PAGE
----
Las Vegas, N.M. — Highlands University English professor Donna Woodford-Gormley was awarded a National Endowment for the Humanities summer stipend to complete her book that explores Cuban cultural adaptations of Shakespeare.
Woodford-Gormley is the only Shakespeare scholar conducting research in Cuba.
The National Endowment for the Humanities award will allow Woodford-Gormley to complete her book in process titled Caliban’s Books: Shakespeare in Cuba by the end of 2014. Caliban is one of the primary protagonists in Shakespeare’s The Tempest.
The NEH supports projects like the English professor’s that responds to its Bridging Cultures initiative — including international projects like hers that seek to enlarge Americans’ understanding of other places, times, perspectives, and intellectual traditions.
“In Cuba, Shakespeare is frequently portrayed as revolutionary, making his characters seem less foreign and more sympathetic — someone Cubans can identify with,” Woodford-Gormley said.
She said Cuban adaptations of Shakespeare often evoke everyday life, including political tensions between the United States and Cuba that can lead to families separating.
“For instance, Romeo and Juliet may be separated not by a centuries-old feud, but because Romeo’s family chooses to immigrate to Miami. Or Othello may reach his tragic end not because Iago provokes his jealousy, but because his mother tempts him to abandon Desdemona and the revolution to come manage her estate in Florida,” Woodford-Gormley said.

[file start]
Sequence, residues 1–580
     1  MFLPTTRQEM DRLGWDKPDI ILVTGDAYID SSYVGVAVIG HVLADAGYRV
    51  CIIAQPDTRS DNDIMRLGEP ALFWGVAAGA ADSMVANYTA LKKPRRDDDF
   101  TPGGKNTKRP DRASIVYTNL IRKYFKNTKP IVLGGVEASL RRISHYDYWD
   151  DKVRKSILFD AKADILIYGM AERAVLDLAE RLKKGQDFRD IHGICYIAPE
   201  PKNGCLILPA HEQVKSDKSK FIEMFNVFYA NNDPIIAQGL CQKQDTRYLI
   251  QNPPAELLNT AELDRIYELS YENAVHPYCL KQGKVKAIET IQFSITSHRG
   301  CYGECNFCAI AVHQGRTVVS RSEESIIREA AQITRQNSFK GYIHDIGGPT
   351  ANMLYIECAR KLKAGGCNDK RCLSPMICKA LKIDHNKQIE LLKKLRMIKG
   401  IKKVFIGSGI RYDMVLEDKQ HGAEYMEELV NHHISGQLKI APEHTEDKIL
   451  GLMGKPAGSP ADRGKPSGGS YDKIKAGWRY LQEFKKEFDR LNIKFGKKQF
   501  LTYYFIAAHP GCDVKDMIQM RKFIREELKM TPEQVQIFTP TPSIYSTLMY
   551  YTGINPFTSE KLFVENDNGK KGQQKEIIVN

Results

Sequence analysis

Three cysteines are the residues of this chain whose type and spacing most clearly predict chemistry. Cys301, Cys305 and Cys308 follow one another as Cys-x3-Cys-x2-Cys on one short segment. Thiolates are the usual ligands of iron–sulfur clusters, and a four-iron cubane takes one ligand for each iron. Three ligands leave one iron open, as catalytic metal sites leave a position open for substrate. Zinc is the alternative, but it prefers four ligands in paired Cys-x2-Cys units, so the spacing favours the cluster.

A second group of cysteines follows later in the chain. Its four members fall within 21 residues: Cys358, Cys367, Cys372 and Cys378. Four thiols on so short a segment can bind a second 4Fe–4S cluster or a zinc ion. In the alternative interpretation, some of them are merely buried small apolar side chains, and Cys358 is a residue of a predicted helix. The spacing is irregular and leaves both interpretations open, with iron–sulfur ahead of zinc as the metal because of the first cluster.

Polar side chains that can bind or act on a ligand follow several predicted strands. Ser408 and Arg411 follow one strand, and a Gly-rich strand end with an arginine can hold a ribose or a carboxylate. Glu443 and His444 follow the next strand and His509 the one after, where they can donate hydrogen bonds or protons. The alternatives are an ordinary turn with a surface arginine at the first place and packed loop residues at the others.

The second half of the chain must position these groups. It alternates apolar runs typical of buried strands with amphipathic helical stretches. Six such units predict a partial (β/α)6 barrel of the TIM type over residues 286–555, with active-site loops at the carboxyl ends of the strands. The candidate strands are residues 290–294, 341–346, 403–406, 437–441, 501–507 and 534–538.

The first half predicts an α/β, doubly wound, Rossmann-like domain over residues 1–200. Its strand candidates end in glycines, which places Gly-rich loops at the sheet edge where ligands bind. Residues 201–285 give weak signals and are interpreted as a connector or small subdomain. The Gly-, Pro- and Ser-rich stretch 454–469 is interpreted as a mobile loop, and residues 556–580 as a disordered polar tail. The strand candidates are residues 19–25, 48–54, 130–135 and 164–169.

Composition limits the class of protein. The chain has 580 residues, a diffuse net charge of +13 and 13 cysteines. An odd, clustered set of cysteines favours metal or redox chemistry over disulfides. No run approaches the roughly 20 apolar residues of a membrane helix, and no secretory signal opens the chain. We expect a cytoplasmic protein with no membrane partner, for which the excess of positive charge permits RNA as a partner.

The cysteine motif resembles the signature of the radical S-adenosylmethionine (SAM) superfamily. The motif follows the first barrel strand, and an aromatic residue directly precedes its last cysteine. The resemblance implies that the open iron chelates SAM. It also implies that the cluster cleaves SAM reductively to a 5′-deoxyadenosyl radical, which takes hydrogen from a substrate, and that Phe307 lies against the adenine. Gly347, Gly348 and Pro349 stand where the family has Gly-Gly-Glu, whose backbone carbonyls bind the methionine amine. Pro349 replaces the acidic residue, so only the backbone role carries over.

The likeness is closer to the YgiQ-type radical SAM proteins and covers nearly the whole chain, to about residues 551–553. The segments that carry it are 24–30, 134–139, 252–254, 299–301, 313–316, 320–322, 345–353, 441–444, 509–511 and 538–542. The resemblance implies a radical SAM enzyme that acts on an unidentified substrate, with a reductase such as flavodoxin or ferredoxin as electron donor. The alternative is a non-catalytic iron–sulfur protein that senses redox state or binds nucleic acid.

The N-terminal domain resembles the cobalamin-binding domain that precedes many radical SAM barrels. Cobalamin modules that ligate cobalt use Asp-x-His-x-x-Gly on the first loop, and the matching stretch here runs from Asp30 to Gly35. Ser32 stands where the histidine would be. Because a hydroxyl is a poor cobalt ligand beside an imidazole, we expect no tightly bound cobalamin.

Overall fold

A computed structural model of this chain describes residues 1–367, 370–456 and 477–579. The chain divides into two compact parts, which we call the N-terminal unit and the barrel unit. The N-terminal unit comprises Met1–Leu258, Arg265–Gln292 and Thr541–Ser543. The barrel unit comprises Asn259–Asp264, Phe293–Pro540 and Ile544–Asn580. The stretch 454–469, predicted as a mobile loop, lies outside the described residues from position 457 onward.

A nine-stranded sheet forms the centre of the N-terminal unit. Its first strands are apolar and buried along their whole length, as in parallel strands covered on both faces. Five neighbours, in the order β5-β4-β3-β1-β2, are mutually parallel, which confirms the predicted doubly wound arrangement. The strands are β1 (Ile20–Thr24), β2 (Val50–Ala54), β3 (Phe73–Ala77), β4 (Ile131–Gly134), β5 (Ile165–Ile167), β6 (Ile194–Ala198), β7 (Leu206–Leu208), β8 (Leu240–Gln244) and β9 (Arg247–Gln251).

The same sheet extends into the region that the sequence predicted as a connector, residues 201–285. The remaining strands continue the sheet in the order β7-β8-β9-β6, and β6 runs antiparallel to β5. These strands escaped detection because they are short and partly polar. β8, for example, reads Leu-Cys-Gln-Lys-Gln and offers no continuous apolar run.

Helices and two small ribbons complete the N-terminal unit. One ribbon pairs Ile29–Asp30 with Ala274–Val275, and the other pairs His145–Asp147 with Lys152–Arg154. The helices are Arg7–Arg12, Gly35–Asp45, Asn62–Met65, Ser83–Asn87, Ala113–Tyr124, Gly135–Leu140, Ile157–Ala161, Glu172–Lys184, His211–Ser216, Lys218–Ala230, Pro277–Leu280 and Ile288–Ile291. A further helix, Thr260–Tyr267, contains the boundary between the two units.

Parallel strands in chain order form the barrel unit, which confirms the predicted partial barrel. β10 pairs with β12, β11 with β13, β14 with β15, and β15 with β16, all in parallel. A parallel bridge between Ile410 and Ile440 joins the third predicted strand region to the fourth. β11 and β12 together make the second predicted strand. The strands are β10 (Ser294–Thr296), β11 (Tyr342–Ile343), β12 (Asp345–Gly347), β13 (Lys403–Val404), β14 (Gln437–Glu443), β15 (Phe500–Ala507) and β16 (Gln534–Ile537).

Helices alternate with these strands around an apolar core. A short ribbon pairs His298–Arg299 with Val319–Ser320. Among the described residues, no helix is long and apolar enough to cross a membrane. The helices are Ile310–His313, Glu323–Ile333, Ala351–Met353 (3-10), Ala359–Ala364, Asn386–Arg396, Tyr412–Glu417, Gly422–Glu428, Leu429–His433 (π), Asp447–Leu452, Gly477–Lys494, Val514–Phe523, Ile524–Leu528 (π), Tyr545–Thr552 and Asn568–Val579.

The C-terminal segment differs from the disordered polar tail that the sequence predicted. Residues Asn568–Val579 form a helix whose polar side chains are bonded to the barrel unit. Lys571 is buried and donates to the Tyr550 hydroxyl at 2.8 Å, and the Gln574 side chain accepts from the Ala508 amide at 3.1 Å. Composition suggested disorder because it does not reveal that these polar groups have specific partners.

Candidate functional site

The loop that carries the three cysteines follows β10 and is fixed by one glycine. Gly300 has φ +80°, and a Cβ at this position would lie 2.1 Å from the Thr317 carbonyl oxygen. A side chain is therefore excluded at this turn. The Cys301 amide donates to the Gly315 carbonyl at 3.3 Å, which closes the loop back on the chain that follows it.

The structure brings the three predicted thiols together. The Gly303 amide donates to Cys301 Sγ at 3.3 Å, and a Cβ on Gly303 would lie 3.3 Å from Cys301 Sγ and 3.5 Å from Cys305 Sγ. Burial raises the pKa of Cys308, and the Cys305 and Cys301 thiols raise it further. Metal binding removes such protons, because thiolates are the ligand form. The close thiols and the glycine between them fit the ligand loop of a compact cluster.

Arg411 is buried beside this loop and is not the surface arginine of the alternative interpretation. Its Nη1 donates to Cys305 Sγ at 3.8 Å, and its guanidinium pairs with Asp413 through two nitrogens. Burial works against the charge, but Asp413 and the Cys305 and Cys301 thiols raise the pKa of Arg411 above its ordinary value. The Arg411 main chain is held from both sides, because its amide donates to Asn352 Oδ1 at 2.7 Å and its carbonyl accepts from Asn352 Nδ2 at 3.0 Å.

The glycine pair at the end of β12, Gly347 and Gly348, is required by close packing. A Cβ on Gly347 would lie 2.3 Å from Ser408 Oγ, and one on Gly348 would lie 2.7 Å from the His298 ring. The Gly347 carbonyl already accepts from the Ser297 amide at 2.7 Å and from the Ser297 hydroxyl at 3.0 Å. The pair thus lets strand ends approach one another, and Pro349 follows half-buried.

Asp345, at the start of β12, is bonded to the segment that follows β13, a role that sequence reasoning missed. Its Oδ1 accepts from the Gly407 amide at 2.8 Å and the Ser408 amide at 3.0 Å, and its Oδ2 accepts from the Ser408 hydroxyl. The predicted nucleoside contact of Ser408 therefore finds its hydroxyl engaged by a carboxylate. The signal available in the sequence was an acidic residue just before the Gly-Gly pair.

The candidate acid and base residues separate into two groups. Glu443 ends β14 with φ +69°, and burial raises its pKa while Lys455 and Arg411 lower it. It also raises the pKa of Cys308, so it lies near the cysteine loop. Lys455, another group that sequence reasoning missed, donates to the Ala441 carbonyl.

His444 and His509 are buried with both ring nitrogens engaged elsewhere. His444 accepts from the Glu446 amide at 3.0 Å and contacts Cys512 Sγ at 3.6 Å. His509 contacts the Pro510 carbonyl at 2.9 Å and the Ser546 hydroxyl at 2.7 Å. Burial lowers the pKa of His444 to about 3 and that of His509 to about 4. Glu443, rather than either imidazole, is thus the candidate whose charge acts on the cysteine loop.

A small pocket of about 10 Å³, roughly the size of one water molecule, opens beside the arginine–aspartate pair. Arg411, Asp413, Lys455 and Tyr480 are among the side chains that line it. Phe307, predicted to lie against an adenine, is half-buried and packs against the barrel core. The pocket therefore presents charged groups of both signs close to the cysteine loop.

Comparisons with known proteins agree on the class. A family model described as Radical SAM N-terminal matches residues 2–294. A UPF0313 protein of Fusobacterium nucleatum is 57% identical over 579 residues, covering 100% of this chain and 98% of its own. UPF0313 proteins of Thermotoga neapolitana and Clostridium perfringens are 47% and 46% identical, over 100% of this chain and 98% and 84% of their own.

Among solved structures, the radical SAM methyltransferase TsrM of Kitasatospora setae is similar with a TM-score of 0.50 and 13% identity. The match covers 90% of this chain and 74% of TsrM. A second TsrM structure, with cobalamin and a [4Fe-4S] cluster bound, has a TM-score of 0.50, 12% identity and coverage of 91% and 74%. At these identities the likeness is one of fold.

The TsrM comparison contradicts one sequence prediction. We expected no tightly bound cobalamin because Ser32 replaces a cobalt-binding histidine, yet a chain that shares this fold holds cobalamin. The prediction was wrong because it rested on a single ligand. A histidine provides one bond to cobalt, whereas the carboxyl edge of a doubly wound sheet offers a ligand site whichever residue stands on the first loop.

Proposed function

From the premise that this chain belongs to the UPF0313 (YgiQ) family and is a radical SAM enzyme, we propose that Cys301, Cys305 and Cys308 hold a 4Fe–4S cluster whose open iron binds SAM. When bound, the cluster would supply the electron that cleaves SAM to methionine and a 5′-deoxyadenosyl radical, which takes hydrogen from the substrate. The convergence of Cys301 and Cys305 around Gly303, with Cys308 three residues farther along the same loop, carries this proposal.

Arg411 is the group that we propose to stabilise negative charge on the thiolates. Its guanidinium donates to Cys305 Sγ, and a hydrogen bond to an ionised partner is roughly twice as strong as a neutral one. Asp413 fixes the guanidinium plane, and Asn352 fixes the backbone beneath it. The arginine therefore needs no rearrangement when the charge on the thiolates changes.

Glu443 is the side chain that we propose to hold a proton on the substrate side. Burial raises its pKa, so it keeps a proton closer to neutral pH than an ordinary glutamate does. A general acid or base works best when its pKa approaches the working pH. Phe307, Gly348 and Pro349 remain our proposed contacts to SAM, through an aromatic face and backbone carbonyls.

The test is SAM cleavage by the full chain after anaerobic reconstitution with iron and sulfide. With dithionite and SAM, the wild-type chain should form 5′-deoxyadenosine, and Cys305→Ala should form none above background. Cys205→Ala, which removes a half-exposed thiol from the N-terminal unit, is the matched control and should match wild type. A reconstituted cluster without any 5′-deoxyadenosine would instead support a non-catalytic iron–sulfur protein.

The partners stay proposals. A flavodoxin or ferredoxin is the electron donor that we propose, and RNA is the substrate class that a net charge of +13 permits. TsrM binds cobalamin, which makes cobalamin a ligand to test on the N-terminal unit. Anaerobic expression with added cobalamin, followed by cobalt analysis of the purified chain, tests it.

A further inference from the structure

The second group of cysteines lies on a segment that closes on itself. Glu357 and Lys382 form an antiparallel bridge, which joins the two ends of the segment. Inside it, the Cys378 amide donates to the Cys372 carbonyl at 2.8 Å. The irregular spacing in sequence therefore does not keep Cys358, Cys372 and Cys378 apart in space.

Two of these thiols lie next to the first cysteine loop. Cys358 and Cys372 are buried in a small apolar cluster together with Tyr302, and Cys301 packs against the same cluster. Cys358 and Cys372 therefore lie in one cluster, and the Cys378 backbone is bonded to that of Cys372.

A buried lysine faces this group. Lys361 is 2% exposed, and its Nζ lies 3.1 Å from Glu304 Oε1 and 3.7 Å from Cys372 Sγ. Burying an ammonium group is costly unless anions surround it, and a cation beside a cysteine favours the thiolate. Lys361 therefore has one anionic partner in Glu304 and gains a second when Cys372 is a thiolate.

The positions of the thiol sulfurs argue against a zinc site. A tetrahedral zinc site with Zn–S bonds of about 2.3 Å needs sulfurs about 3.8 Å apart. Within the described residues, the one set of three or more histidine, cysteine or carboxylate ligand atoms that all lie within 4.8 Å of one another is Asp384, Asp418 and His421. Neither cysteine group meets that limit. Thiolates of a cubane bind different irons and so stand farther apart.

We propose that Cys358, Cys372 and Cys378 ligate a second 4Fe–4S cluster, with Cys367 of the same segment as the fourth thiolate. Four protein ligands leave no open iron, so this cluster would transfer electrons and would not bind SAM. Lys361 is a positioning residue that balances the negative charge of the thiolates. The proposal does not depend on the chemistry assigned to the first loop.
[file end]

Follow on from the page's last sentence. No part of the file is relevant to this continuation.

She has been studying Shakespeare in Cuba since 2004. The Highlands Faculty Research Fund partially funded Woodford-Gormley’s research in the country in 2005, 2008 and 2013.
“While adaptations of Shakespeare are studied globally, there’s a big gap in Latin America in general and Cuba specifically. I hit a goldmine for research no one else is doing,” said Woodford-Gormley, who is fluent in Spanish.
Her book will include five chapters, including ones on Romeo and Juliet, The Tempest, Othello, and Hamlet. The last chapter will explore the use of Shakespeare as a means of bridging the divide between Cuba and the United States.
Two academic publishers are already interested in Woodford-Gormley’s Shakespeare in Cuba book. Her previous book, Understanding King Lear: A Student Casebook to Issues, Sources, and Historical Documents, was published in 2004.
Woodford-Gormley joined the Highlands University faculty in 2004. She teaches courses such as global Shakespeare, women in Shakespeare, Shakespeare’s comedies, Shakespeare’s tragedies, and Shakespeare for non-English majors.
“This research on Shakespeare in Cuba informs my teaching because it gives me insight into how Shakespeare is alive and still being adapted globally. My book feeds into how I teach my Shakespeare courses, as well as courses in British literature and drama as literature,” Woodford-Gormley said.
She earned her Ph.D. in English from Washington University in St. Louis. Her dissertation examined English Renaissance literature, with a focus on William Shakespeare and foundlings — abandoned children raised by foster parents — in his works.
Woodford-Gormley has published numerous scholarly articles and book chapters, and presents often to organizations such as the Shakespeare Association of America and the International Congress on Medieval Studies.